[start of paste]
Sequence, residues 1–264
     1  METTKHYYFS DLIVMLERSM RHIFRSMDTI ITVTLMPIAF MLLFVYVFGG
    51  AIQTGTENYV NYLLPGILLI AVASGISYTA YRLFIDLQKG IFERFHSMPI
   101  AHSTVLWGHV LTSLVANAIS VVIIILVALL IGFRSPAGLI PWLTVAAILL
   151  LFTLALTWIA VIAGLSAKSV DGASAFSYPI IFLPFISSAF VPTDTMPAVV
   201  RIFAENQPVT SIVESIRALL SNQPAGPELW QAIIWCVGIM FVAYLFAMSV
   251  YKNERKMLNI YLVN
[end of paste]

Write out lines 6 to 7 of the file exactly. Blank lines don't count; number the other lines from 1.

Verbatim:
   201  RIFAENQPVT SIVESIRALL SNQPAGPELW QAIIWCVGIM FVAYLFAMSV
   251  YKNERKMLNI YLVN